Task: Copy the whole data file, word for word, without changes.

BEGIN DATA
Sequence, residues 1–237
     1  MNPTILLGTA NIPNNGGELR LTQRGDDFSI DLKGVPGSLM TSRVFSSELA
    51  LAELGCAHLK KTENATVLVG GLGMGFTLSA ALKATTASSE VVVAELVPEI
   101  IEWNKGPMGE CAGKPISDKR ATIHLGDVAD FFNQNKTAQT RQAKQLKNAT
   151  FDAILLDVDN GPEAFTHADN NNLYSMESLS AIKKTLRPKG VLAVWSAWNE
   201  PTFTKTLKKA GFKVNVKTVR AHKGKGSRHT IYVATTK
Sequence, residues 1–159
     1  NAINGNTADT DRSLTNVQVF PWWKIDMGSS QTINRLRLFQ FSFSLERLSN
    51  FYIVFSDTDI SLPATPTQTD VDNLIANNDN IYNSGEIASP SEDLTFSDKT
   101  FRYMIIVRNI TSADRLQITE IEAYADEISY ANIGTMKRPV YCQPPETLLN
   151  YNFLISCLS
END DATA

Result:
Sequence, residues 1–237
     1  MNPTILLGTA NIPNNGGELR LTQRGDDFSI DLKGVPGSLM TSRVFSSELA
    51  LAELGCAHLK KTENATVLVG GLGMGFTLSA ALKATTASSE VVVAELVPEI
   101  IEWNKGPMGE CAGKPISDKR ATIHLGDVAD FFNQNKTAQT RQAKQLKNAT
   151  FDAILLDVDN GPEAFTHADN NNLYSMESLS AIKKTLRPKG VLAVWSAWNE
   201  PTFTKTLKKA GFKVNVKTVR AHKGKGSRHT IYVATTK
Sequence, residues 1–159
     1  NAINGNTADT DRSLTNVQVF PWWKIDMGSS QTINRLRLFQ FSFSLERLSN
    51  FYIVFSDTDI SLPATPTQTD VDNLIANNDN IYNSGEIASP SEDLTFSDKT
   101  FRYMIIVRNI TSADRLQITE IEAYADEISY ANIGTMKRPV YCQPPETLLN
   151  YNFLISCLS